Early vacuum tubes look like incandescent light bulbs and were made via lamp manufacturers, who had equipment to manufacture glass envelopes and powerful vacuum pumps needed to vacate the enclosures. Later, specialized manufacturers employing more economical construction processes were set up to fill growing demand for broadcast receivers and bare tungsten filaments operated at a temperature of around 2200oC.

The growth of oxide-coated filaments reduced filament temperatures to around 700 oC that in turn decreased the thermal distortion of the tube structure and allowed closer spacing of tube elements. This enhanced tube gain, as the gain of a triode is inversely proportional to the spacing between grid and cathode. Growth of the indirectly-heated cathode, by the filament within a cylinder of oxide-coated nickel, further decreased distortion of the tube elements and as well allowed the cathode heaters to be run from an AC supply devoid of the super imposition of the mains signal on the output.

Heat Transfer and Appearance of Tubes:

As considerable amount of heat is generated if vacuum tubes operate, they are usually around 30 to 60% efficient that means that 40 to 70 % of input power to an amplifier stage is lost as heat. The needs for heat removal significantly changed the appearance of the high-power vacuum tubes.

Most of the tubes include two sources of heat when operating. The first one of such is the filament or heater. As some vacuum tubes have directly heated cathode others employ the indirectly heated cathode. This generally comprises of a nickel tube, coated on the outside with the similar strontium, calcium, barium oxide mix employed in directly heated filaments and fitted by a tungsten filament within the tube to heat it. This tungsten filament is generally uncoiled and coated in the layer of alumina to insulate it from the nickel tube of the actual cathode. This form of construction lets for a much greater electron emitting area and, as the heater is insulated from the cathode; the cathode can be positioned in a circuit at up to 150 volts more positive than the heater or 50 volts more negative than the heater for most general types. This as well lets all the heaters to be simply wired in series or parallel instead of some requiring special isolated power supplies like specially insulated windings on power transformers or the individual batteries.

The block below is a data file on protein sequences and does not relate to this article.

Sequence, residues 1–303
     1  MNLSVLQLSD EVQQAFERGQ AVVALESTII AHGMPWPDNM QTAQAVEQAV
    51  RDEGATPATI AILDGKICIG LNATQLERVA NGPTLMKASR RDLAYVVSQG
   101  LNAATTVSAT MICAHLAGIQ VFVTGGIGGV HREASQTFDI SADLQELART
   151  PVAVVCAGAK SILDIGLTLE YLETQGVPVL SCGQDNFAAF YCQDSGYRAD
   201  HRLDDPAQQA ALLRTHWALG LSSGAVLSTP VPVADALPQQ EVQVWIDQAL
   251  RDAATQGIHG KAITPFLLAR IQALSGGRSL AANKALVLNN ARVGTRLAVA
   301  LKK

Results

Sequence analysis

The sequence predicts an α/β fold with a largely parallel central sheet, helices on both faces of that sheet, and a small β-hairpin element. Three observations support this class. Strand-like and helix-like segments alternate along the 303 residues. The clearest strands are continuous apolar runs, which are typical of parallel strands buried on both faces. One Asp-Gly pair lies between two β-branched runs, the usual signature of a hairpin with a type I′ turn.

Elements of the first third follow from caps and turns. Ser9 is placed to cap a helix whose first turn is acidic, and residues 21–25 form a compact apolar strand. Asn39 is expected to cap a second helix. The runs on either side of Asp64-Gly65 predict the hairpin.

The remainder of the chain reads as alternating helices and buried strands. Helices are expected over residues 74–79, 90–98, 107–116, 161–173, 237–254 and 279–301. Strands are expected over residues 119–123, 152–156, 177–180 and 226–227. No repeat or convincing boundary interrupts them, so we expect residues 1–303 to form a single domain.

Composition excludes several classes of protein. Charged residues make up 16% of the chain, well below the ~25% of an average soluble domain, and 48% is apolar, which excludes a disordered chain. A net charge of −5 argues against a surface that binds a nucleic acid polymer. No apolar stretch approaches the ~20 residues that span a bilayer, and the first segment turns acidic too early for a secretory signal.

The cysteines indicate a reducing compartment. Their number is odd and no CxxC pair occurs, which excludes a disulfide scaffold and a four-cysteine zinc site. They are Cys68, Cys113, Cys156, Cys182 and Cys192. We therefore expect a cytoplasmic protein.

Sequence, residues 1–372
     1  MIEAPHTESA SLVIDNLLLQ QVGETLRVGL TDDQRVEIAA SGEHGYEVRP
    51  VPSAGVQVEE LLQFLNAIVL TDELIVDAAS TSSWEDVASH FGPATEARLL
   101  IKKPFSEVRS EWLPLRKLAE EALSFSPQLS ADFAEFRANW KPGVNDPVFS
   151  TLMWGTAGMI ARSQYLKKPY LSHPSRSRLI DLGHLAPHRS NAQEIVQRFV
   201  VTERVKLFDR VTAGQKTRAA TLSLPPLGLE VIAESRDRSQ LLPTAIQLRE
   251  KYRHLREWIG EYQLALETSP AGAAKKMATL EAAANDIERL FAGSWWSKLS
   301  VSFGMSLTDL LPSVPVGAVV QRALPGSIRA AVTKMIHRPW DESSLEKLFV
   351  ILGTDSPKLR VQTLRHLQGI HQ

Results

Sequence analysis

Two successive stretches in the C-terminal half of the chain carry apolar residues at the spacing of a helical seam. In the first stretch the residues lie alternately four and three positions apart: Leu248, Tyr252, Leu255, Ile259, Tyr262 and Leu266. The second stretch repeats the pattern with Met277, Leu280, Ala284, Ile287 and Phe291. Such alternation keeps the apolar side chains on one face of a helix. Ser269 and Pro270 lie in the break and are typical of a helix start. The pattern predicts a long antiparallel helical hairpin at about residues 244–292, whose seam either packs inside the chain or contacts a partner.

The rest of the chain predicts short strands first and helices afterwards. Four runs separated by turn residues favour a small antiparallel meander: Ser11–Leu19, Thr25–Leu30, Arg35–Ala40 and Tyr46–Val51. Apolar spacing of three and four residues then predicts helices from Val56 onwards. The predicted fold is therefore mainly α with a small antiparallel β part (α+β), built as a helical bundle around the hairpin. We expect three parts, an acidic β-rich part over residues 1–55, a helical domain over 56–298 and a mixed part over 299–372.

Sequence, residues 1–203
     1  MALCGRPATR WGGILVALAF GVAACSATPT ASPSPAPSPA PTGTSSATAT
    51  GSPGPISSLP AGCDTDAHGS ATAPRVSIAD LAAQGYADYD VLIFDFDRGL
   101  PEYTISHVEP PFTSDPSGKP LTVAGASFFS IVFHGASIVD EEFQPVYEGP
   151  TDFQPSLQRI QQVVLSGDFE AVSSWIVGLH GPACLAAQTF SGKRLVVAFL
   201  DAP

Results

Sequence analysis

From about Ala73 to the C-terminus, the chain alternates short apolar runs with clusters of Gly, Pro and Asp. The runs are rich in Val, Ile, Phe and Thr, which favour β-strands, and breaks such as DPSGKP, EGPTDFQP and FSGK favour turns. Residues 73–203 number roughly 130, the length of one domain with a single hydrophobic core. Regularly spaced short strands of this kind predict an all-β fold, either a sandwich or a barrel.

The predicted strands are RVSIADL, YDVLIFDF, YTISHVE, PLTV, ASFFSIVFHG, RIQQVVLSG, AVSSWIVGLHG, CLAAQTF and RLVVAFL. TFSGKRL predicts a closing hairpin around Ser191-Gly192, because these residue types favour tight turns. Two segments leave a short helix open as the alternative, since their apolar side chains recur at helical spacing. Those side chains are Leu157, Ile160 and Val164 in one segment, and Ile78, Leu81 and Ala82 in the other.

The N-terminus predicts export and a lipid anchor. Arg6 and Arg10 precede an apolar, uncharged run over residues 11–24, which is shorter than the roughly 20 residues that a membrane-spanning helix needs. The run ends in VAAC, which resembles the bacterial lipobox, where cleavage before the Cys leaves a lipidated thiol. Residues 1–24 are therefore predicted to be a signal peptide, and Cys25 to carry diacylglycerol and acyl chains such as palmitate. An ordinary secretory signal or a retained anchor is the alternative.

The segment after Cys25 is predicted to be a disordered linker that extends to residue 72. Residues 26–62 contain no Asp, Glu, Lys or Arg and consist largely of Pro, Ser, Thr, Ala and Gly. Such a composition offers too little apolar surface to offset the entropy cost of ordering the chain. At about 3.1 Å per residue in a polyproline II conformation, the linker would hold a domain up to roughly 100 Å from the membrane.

The second source of heat is produced at the anode, whenever electrons, accelerated through the voltage applied to the anode, hit the anode and impart a considerable fraction of their energy to it, increasing its temperature. Tubes employed in power amplifier or transmitting circuits, this source of heat will surpass the power dissipated in the cathode heater.

This heat generally escapes the device through black body radiation from the anode or plate as infra red light. A few is conducted via the connecting wires going to the base however none is convected in most kinds of tube as the vacuum and the absence of any gas within the bulb to convect. It is the manner tubes get rid of heat that most influences their overall appearance, next to the kind of unit (that is, triode, pentode and so on) they contain, or whether they have more than one of these fundamental units.